‘Aggressiveness has ramped up’


Mark Webber believes Formula One’s improvements in safety have resulted in drivers becoming too aggressive as they “usually” walk away…

Mark Webber believes Formula One’s improvements in safety have resulted in drivers becoming too aggressive as they “usually” walk away.

Earlier this month, safety in Formula One made headlines when Romain Grosjean was handed a one-race ban for causing what could have been a horrific accident at the start of the Belgian GP.

Fighting for track position at the start, the Frenchman cut across the track, hitting Lewis Hamilton’s McLaren before being launched into the air over the back of Kamui Kobayashi’s Sauber.

Airborne, Grosjean came crashing down on Fernando Alonso’s Ferrari but thankfully missed hitting the Spaniard’s head.

It was Grosjean’s seventh accident of the season, putting him up there with Pastor Maldonado in heading the numbers in incidents for 2012. Neither has yet been injured.

Ironically, though, Webber reckons it’s Formula One improved safety that has permitted drivers to attack so hard – or aggressively – without any thought to the potential consequences.

“The drivers have to take some responsibility,” Webber wrote in his BBC column. “In the last 10 years, the level of aggressiveness has ramped up a bit just because guys know that usually they’ll be able to walk away from a crash.

“But you can be aggressive and safe or aggressive and unsafe. I’ve always said F1 is not a finishing school when it comes to racing.

“Most of the youngsters who have come in have gone pretty well. This year, Pastor Maldonado and Grosjean have both had a few incidents.

“If Grosjean’s crash in Belgium had happened in open racing, it would have been fine. But there were lots of cars around, the track is narrow there and very quickly it became a nasty accident.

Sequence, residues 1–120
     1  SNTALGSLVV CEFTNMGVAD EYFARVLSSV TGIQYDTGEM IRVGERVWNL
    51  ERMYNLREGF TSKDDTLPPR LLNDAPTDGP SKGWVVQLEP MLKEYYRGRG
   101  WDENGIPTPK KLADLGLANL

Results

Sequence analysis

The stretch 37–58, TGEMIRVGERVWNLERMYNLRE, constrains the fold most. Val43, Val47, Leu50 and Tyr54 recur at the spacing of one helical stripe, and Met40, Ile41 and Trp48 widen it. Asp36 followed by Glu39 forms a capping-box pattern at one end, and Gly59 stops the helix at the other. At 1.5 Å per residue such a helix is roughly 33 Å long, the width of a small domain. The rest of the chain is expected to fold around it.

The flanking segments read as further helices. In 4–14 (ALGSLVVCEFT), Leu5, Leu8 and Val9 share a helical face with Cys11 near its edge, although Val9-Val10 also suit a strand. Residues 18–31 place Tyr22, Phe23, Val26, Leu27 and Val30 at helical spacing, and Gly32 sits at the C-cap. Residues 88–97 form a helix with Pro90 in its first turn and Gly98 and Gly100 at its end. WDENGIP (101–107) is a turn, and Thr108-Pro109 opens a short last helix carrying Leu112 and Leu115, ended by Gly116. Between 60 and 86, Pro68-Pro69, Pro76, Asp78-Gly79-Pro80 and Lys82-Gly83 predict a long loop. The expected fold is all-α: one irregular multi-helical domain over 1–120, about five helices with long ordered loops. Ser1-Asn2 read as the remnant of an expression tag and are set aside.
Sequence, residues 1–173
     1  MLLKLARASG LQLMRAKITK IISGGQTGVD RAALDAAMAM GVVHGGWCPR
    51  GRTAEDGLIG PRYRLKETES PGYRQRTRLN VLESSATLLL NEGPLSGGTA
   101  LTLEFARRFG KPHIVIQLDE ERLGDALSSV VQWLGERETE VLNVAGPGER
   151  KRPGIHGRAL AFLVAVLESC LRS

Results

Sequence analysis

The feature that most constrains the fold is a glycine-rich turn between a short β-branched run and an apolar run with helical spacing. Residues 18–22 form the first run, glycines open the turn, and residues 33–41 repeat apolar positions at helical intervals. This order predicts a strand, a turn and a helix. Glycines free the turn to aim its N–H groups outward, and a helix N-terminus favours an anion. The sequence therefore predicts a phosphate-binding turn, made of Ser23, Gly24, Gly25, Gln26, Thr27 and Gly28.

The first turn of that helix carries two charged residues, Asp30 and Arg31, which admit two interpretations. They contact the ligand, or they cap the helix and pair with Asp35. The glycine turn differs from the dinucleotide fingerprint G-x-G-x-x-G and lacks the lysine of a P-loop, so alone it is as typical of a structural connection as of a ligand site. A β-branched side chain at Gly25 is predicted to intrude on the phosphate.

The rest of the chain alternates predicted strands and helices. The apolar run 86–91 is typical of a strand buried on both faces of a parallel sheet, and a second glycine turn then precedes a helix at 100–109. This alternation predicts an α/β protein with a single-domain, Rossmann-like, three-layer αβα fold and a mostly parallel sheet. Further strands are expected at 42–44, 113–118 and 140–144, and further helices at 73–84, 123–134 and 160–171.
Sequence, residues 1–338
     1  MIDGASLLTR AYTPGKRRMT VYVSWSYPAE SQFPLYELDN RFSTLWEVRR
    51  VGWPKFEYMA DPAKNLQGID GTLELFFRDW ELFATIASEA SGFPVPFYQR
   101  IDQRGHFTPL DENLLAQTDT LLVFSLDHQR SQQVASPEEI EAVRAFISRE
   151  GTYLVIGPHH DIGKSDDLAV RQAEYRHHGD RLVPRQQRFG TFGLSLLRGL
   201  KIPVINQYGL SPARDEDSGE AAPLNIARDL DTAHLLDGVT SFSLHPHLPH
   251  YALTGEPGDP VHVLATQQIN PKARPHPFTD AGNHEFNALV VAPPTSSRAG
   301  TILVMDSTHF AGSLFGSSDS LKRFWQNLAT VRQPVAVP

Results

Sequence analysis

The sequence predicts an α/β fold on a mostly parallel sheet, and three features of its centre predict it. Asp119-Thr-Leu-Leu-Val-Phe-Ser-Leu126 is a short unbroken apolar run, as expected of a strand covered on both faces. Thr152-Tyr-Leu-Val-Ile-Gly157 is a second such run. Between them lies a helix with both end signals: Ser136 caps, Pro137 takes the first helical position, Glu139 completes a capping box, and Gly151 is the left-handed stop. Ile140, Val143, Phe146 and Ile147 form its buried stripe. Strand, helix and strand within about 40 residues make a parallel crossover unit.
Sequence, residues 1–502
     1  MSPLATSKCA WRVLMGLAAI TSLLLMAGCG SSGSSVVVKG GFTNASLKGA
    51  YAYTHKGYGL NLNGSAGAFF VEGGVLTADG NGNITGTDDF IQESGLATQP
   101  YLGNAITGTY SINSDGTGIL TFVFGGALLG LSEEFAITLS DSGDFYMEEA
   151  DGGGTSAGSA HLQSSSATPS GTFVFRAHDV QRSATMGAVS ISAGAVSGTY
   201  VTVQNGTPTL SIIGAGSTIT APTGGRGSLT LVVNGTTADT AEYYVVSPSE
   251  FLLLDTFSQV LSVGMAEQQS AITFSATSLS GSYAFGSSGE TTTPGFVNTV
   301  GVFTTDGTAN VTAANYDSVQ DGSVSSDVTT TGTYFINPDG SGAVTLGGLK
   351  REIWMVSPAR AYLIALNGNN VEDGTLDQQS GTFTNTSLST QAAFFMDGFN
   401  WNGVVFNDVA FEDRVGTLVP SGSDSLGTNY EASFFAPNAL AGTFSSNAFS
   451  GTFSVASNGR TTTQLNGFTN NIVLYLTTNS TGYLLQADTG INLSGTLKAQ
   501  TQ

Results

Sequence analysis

“The nature of F1 has changed with the Pirelli tyres and DRS – overtaking is easier now – so you don’t have to be so desperate at the start. That is why it is a surprise to see some of the things that are happening on the first lap.

“You do need to get involved but some guys are having more incidents than the others and they need to take that on board.

“We should be the best at what we do, racing in all conditions on all kinds of tracks, and driver etiquette has to match that.”

As for steps that could be taken to prevent head injuries from airborne cars, the Red Bull racer reckons Formula One should look more towards wheel protection than cockpits or cages.

“The FIA has been doing some research on driver head protection and at the moment it looks like some form of forward protection, probably a kind of roll-bar, is going to be introduced in the not-too-distant future,” said the 36-year-old.

“Head protection is a controversial subject and, unusually for me, I’m still on the fence on it.

“Open-wheel, open-cockpit racing is what most racing drivers want to do – it requires incredible precision and they are the best racing cars in the world.

“You don’t want to lose that, so we have to get this decision right. It’s a big step for the sport.

“People are saying things like ‘it’s going to be ugly’. But you have to park that stuff. The tricky thing is to decide what exactly you are protecting against.

“The Grosjean incident, and a similar one involving David Coulthard and Alexander Wurz in Australia in 2007, happened because of cars climbing over each other and being launched into the air.

“That also happened to me when I flipped in Valencia in 2010.

“So should you shut off that option somehow by enclosing the wheels but leave the cockpit open? Or leave the wheels open and create more cockpit protection?

“Personally, I feel stopping cars launching is a bigger priority, if only because I think that happens more often. Cockpit intrusion is rarer, but it still has to be taken seriously.

“In both cases, we have been lucky and we all know that luck will run out one day.”